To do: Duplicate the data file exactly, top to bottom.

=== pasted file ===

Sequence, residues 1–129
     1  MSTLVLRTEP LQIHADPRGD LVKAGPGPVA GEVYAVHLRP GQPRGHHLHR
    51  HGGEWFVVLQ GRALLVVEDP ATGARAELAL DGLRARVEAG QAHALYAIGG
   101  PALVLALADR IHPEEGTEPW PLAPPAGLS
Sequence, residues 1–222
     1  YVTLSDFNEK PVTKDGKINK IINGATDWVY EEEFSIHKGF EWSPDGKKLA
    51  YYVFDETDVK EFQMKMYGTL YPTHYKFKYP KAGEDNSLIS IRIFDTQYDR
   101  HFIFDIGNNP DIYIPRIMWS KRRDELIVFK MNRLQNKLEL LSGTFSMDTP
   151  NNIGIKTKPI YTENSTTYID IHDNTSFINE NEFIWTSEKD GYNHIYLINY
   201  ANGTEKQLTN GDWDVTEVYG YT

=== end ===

Sequence, residues 1–129
     1  MSTLVLRTEP LQIHADPRGD LVKAGPGPVA GEVYAVHLRP GQPRGHHLHR
    51  HGGEWFVVLQ GRALLVVEDP ATGARAELAL DGLRARVEAG QAHALYAIGG
   101  PALVLALADR IHPEEGTEPW PLAPPAGLS
Sequence, residues 1–222
     1  YVTLSDFNEK PVTKDGKINK IINGATDWVY EEEFSIHKGF EWSPDGKKLA
    51  YYVFDETDVK EFQMKMYGTL YPTHYKFKYP KAGEDNSLIS IRIFDTQYDR
   101  HFIFDIGNNP DIYIPRIMWS KRRDELIVFK MNRLQNKLEL LSGTFSMDTP
   151  NNIGIKTKPI YTENSTTYID IHDNTSFINE NEFIWTSEKD GYNHIYLINY
   201  ANGTEKQLTN GDWDVTEVYG YT